The memorial chapel was the original worship space on the current church site. Although the traditional services have long since outgrown it, two of the contemporary services are held in it, in addition to wedding, funerals, and the like. The layout is traditional, but not cruciform as it has no transepts. The furnishings are similar to those in the main church, simply on a slightly smaller scale. Also, the altar is not attached to the east wall, so the presider performs the Eucharistic rite standing behind it and facing the congregation. The chancel area is separated from the nave by a large Gothic arch, behind which is a set of curtains which can block off that space when the chapel is being used for functions other than worship, though they are rarely used as such.
The organ is situated on the back wall, with the largest pipes of the pedal division flanking the west door. The swell shades can be seen behind the acoustic fabric panels hung in front of them. The console is on the north side of the gallery, which runs the length of the nave along both sides. The console, as in the main church, faces the wall. A small space for a choir of about 12-16 voices is available around the console.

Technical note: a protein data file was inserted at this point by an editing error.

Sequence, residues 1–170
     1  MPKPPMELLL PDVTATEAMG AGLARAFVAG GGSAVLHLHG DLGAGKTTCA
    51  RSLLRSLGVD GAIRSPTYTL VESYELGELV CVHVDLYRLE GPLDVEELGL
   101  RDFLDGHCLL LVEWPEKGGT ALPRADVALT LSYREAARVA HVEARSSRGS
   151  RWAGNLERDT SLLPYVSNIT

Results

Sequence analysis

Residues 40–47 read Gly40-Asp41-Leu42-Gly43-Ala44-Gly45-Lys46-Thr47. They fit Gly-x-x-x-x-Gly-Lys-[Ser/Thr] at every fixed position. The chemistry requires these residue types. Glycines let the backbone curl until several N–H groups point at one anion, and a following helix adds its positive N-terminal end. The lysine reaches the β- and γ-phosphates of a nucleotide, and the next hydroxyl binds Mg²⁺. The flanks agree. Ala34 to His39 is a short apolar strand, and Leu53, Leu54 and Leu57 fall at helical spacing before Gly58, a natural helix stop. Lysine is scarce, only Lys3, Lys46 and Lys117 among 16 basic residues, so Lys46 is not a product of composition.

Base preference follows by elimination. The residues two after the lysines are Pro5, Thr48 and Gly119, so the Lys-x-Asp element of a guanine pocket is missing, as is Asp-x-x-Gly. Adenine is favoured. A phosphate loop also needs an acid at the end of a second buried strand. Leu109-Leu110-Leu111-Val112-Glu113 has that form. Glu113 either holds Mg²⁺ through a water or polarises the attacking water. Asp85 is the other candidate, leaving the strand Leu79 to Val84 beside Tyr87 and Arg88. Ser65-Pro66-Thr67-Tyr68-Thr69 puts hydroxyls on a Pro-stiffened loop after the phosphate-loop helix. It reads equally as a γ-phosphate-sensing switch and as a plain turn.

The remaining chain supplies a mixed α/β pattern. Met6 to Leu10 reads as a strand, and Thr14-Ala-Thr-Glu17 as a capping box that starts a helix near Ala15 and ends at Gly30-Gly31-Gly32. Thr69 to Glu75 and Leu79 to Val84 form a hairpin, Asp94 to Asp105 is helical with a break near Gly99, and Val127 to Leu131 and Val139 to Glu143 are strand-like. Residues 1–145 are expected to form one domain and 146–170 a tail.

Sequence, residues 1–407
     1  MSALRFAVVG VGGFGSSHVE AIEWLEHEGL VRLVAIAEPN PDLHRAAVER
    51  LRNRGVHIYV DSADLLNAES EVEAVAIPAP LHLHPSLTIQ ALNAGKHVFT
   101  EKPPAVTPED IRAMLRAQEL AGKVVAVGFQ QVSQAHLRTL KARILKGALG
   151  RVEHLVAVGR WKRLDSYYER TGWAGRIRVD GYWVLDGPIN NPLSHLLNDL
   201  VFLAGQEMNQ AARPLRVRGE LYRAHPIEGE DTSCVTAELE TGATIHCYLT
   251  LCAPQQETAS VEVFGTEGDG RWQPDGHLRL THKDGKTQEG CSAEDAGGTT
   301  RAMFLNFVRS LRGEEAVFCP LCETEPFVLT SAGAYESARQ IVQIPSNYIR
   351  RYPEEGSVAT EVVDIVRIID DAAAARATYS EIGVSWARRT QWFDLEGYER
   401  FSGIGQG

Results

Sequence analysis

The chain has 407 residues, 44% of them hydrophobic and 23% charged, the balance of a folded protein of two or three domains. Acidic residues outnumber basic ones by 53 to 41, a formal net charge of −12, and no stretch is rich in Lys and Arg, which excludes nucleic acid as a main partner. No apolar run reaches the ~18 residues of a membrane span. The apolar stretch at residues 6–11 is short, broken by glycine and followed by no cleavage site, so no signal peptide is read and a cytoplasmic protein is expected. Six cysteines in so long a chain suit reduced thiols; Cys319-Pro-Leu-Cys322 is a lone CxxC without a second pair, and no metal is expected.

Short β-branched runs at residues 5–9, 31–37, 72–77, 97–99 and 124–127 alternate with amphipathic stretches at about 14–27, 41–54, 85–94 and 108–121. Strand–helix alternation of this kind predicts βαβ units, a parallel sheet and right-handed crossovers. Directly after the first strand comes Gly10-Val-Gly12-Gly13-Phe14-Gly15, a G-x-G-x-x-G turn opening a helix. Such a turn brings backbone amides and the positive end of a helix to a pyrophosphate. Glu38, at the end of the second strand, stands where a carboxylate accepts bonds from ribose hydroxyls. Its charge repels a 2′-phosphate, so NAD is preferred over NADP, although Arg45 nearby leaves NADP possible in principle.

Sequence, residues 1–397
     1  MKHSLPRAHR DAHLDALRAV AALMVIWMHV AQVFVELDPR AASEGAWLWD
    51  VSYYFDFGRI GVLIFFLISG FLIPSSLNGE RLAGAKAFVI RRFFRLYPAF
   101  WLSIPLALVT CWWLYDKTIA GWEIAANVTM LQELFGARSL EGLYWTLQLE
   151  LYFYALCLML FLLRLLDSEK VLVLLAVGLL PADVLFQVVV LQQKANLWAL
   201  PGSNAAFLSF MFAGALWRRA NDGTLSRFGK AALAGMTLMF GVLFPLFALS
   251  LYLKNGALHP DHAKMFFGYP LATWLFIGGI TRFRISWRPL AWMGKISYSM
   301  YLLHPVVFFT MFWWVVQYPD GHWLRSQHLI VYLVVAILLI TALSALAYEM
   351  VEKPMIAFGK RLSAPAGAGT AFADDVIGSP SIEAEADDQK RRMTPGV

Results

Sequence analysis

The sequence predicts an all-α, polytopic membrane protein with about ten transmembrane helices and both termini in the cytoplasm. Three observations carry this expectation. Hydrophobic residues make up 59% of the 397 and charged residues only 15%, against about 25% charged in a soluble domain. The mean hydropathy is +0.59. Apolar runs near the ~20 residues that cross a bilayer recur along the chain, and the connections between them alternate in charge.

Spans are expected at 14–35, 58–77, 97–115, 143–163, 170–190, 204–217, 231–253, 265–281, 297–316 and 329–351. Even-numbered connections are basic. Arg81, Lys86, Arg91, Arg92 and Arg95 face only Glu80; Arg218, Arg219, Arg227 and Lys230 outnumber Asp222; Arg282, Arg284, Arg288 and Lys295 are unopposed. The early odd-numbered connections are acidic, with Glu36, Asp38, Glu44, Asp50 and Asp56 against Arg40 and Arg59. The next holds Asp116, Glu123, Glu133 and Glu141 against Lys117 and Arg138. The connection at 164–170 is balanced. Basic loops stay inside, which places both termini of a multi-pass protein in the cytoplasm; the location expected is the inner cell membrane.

The baptistry in the chapel is located adjacent to the entrance from the main hallway on the north side of the nave. On the opposite side of the nave and set off by a wood slat wall is a small chapel containing one of the two columbaria of the church (the other being outside), after which the chapel takes its name since it is not named for a particular person.
The chapel also has a narthex which provides access to the upper gallery, as well as to some of the audio-visual equipment that is utilized by the contemporary services held in the chapel. Stained glass can be found surrounding the chapel, the finest of which is in the small columbarium chapel.
Famous quotes containing the words chapel and/or memorial:
“I went to the Garden of Love,
And saw what I never had seen:
A Chapel was built in the midst,
Where I used to play on the green.
And the gates of this Chapel were shut,
And Thou shalt not writ over the door;”
—William Blake (17571827)
“When I received this [coronation] ring I solemnly bound myself in marriage to the realm; and it will be quite sufficient for the memorial of my name and for my glory, if, when I die, an inscription be engraved on a marble tomb, saying, Here lieth Elizabeth, which reigned a virgin, and died a virgin.”
—Elizabeth I (15331603)